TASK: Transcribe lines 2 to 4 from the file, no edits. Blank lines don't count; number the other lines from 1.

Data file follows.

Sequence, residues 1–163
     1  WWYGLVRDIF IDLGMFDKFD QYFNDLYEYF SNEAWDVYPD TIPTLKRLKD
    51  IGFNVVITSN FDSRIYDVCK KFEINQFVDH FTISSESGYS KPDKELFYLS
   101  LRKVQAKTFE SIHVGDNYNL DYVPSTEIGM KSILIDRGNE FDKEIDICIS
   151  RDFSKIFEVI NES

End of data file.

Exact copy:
     1  WWYGLVRDIF IDLGMFDKFD QYFNDLYEYF SNEAWDVYPD TIPTLKRLKD
    51  IGFNVVITSN FDSRIYDVCK KFEINQFVDH FTISSESGYS KPDKELFYLS
   101  LRKVQAKTFE SIHVGDNYNL DYVPSTEIGM KSILIDRGNE FDKEIDICIS